Hamburg and brought to this city on sus
picion of being Implicated In the passing
t a number of forged checks on local busi
aeaa houses. After being detained tinea
lays In the city bastlle he was discharged
lor lack of evidence to connect hint with
HIA OR ME1TIOK.
Slockert sell carpet.
Ed Rogers, Tony Faust teer.
Lewi Cuttrr, funeral director. 'Phone 71.
Weodr.ng Undertaking company. Tel. S.
See the new art pottery at Alexander's,
The Young People's 8ociety of Christian
Endeavor of the First Christian church will
give a lawn carnival ThumJay' and Friday
of thla week at l'Jl West Washington ave-
It has become an established
WHEAT FLAKE CELEI1Y
it the beat food for growing
children, invalids, and the aged.
It is made from the whole wheat
berry, celery infused, so making
it the food for all classes, as it
feeds the blood, the nerves, and
prevents constipation. u
far Salt tj aU rrf
rhnutanqua at Glenwood.
GLENWOOD, Ia., Aug. 10. (Special.)
Glenwood' Chautauqua opened last night
to one ot the largest opening night audl
elce in Its history. Everything I con
veniently and tastefully" arranged and given
good weather, with th strong program pre
sented, will be a record-breaker in point
of attendance. Attorney C. E. Dean is this
year's rlatform manager. The Williams
Dixie Jubilee Singers were given an ovation
upon their appearance In the opening num
ber. Roberaon'a moving pictures and en
tertainer finished the evening's entertain
ment. ..Claude R. Porter, democratic candi
date for I'nlted States senator, will address
the democrat on their day, and George W,
Clarke will furniah the Inspiration on re
publican day. The Inn band and enter
tainers will appear. The session closes Au
Fish Makes Fight for Liberty.
GLENWOOD. Ia.. Aug. 10. (Speclal.)
Thomas L. Hall. Ulcn wood's veteran brick
maker, was severely Injured Friday In n
unusual manner. In company with his son
he was fishing in the Nlshna river near the
Haymaker mill. He had caught a nice
string of channel cat and after quite a
struggle had honked and brought to shal
low water an enormous carp. Securing a
strong hold of the fish's body near the toll
with I ill, left hand to more securely hold it,
the mounter In an effort to escape, made
a quick turr, severely wrenching hia arm.
The flith was landed finally, but Hall arm
Is badly swollen, allowing the strength of
the fish In it f.ght for liberty.
Heavy Halaa la at-Walls.
NELSON, Neb.. Aug. 10. (Special.) A se
vere electric sturm passed over thl sec
tion tins morning about 4 o'clock. Light
ning struck the steeple of the Methodist
church aud lor It all to piece. The build
ing was not damaged. A rain followed
close In the wake ot the storm and about
an Inch of water fell. This Is the second
rain of an Inch here In the last week and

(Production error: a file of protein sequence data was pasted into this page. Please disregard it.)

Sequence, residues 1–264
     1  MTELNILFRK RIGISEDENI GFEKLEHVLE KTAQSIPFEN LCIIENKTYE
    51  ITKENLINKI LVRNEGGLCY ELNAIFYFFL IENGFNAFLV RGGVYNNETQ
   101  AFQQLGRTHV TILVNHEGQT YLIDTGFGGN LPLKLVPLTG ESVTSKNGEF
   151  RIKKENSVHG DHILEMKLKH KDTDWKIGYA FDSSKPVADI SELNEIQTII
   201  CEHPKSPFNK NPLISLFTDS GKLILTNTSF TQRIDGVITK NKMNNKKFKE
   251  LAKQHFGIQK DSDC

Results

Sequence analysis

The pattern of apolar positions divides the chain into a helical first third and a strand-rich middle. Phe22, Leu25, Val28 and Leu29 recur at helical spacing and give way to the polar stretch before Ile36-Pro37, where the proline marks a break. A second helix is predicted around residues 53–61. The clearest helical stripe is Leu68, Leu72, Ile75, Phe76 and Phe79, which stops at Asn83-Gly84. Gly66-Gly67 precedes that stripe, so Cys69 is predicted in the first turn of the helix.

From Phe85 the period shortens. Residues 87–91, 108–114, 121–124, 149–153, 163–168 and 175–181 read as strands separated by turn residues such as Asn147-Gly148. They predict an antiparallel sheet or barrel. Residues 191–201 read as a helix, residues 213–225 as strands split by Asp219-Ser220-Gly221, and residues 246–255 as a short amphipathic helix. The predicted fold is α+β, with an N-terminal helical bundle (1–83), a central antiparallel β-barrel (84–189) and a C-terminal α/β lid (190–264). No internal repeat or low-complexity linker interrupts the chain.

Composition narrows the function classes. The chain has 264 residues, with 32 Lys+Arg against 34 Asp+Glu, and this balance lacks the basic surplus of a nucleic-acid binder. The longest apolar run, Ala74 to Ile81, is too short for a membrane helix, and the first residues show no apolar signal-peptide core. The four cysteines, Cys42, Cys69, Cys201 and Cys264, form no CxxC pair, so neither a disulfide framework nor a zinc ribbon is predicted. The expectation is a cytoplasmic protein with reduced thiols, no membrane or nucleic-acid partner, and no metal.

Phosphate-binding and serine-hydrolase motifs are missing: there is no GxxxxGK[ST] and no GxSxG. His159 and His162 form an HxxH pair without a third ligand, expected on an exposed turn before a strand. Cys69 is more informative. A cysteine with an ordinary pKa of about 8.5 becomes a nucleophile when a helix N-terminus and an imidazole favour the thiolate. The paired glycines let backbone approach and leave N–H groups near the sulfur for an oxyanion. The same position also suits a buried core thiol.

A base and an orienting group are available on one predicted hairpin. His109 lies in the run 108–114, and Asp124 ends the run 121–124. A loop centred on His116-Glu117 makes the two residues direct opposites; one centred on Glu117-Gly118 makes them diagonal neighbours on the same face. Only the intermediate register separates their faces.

great benefit has been done to th corn
crop and alfalfa.
in the abdominal region is prevented by th
us. of Dr. King's New Life Pills, the pain
less i.urlflers. i&o. Beaton Drug Co.
Dahliaau (lab to I.larola. laiut
Special will be accompanied by George
Green a band of thirty piece and will leave
Burlington station, Omaha, Wednesday at
. m-. bearing member Of the Dahlman
Democracy club and their friends to the
Bryan notification cermonla. Returning
special will leave Llncoiu. at t . m.
Without Cabinet Minister or Other
Important Position, State Will Be
la Line to Get an Ambassador
ship or Foreign Post.
(From a Staff Correspondent.)
DF.8 MOINES. Ia., Aug. 10.-(SDeclal.)-tohen
the administration of President
Theodore Roosevelt ends and that of Wil
liam H. Taft begin, Iowa Will awake to
the fact that It has none of Ita fair -sons
In conspicuous positions In the employ of
tho government. Thomas C. Dawson, wha
la envoy extraordinary and minister pleni
potentiary to the government of Colombia
and draw a salary of $10,003 a year will
hold the most Important position. Iowa w.ll
be due to get "something."
Under Roosevelt, Iowa had two cabinet
positions. There have been reports that
Secretary Wilson can continue aa aecretary
of agriculture if he wanta to, but there
have also been reports that he doesn't
want to. So when Taft enter the White
House he will find the state of Iowa hold
ing fewer federal position outside of the
state than most any state tn the union
of the Ize and Importance of Iowa.
Besides two cabinet positions Iowa had
under Roosevelt, the directorship of the
mint held by Georgo Roberts. Robert Arm
strong was first assistant of the treasury.
Conger was minister to China and there
were other lesser positions.
Pew Places Left to Iowa.
Under Taft there will be left the follow
ing list of conspicuous positions, imc ot
which rre not very conspicuous: Thoma
C. DaWson, mlnUter to Colombia at U.00J
a year; irranK w. juanin, consul gentim
to Nottingham, England at $4,600; Al W.
Swalm. consul general to Southampton at
$4,600; Silas C. McFariand, consul-at-lare
at $4,500; Phillip C. Monterey, consul at